It seems that the ATU input setpoint is a CAN message, coming from a CAN bus.
So my hypothesis is that the ATU is not a simple motor, but a motor with his associated micro controleur unit (MCU).
So I guess that the MCU receive the engine setpoint from the console throught the CAN bus and base on it, drive the motor with the appropriate motor control signal. The power probably came from the PIN 7 (12,5V according to this document: https://stellarsupport.deere.com/site_media/pdf/fr/manuals/ATU/OMPFP11846_28_B2_PG_FRE_ATU.pdf). The MCU could generate the appropriate motor control signal from this power supply.
It seems risky to me to directly inject 12V PWM signal on the CAN Hi and CAN Low input if your aren’t sure what is there behind this pins: if it’s the MCU CAN input, you will probably burn it.

If you can’t find technicals details on the ATU and architecture, in my opinion, the best way is to do is to disassemble it and try to identify the electrical architecture and componants:

  • Can you identifie a separate MCU and a motor ? If not, you cannot exclude that the controleur is integrated to the motor
  • Can you identifie the moteur type: It could be a DC motor that is controled with PWM. But you could also imaginate that it’s a stepper motor or a Brushless DC motor: in this case, the way to control it is a little bit more complicated and you cannot drive it with a IBT2 or a MD13S

Hop it could help.

Math

@Math

I agree with you. The best way is to disassemble it and see what is behind the covers. It is a stepper motor for sure, that is in their documentation.

Best regards,
Marko

So, pretty sure that there is a microcontroleur unit that receive motor setpoint througth the can bus and transform it into stepping commant to the motor.

Math

@markonovic00
@Math

@clement.hegron

Best way of doing this is to bypass the ATU controller and to use a Stepper Motor driver instead of a IBT2, they are pretty much the same thing just the IBT2 is for DC motors and on the market you can find lots of stepper motor drivers.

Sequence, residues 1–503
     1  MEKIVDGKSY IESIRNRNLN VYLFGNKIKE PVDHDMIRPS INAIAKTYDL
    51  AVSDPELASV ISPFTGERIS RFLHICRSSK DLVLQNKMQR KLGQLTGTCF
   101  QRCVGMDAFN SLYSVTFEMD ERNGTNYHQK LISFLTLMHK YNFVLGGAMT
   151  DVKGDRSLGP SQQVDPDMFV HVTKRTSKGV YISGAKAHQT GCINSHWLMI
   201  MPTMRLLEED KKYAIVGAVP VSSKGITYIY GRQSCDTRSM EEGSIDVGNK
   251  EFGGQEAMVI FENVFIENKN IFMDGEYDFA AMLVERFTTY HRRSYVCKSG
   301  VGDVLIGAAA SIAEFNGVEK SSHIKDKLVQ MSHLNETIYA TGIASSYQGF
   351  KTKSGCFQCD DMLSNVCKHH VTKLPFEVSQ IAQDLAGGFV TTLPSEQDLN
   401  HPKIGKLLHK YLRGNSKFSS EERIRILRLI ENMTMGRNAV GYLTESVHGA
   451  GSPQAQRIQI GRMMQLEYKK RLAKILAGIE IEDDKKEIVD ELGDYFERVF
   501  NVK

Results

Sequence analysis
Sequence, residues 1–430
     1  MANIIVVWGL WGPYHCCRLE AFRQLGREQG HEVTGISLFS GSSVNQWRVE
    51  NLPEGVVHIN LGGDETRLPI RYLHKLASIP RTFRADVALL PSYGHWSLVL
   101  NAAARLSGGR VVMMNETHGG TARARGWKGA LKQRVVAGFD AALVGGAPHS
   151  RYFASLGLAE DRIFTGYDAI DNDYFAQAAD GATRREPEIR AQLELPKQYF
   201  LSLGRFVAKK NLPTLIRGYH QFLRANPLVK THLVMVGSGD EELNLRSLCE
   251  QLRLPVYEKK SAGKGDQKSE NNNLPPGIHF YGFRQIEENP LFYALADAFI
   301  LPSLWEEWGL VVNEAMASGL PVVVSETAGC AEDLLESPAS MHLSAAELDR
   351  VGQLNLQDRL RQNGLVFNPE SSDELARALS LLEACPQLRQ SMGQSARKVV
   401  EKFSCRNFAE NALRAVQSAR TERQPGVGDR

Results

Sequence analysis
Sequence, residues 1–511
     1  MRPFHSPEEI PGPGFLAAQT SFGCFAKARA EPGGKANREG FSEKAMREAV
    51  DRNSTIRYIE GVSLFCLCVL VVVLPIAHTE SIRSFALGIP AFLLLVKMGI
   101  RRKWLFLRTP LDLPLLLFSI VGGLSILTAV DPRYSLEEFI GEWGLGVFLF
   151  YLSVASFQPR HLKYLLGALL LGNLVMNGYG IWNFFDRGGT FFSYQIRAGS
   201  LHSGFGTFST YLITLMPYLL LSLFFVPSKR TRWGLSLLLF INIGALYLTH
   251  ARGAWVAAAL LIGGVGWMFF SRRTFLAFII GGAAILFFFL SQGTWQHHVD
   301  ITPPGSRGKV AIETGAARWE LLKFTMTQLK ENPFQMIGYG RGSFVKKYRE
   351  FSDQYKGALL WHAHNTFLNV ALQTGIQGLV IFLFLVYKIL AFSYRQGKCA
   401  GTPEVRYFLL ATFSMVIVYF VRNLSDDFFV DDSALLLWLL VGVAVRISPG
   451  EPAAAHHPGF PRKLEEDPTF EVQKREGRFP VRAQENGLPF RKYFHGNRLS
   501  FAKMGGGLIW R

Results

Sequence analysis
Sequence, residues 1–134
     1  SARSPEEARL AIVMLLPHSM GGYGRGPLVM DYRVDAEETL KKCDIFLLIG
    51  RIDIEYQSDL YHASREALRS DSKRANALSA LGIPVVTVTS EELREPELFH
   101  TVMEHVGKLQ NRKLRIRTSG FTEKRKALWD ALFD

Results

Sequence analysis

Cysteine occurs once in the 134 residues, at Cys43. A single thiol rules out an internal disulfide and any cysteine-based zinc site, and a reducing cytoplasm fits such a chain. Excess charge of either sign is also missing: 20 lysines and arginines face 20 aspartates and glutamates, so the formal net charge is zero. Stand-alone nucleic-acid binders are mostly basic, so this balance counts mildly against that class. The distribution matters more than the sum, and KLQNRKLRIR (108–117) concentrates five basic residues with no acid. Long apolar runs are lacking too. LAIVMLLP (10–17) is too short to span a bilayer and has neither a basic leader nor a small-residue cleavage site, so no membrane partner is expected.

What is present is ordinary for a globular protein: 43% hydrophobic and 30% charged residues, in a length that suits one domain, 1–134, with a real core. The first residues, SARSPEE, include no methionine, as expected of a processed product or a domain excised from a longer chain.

I can make the changes in the code, but I don’t have the time now, I will test it probably during the summer, because I need the tractor right now.

You mentioned that you are using it with a DC motor, right?

Best regards,
Marko

that’s what we tried to do with that Driver

We noticed a lack of power, perhaps due to a low amperage because the driver was limited to 4A.

We spent many weeks on this driver and this engine, without success. Maybe our skills were limited.

So we chose to use a DC motor, but this one has a gearbox that makes it difficult to rotate the steering wheel. We can’t work like that.

We have two choices
Use a motor without a gearbox (easier to run dry).
Try again the Schneider electric motor by choosing a bigger and not too expensive driver and maybe with your help, modify the arduino code to easily drive this new driver.

@clement.hegron

I think the best solution is then to use DC motor without a gearbox. I will do it personally that way.

Best regards,
Marko

I will share our experience with you, in the meantime I will share you our current motor (the one with a gearbox).
The motor is probably too powerful compared to our needs ( 30 Nm )
The person who enlarged our gable hole did it very badly, so it doesn’t turn straight.
We are not very happy with this engine because it is not adapted to our needs, it is made to be disengaged from the steering wheel when driving on the road.

IMG_58911
IMG_58921 IMG_58931

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@clement.hegron

You don’t need a really powerful motor if the steering on the tractor is good.
You can simply measure the power of the DC motor you need, by using a digital scale, attaching it to the steering wheel and star puling until it start rotating, check how many kg is on the scale in the moment when the steering wheel starts turning. Then you can use conversion from kg to N and you will get your power. It will not be accurate but you can get a good idea.

Best regards,
Marko

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The ATU was converted to use a gear motor but how does it disengage when manual steering is desired?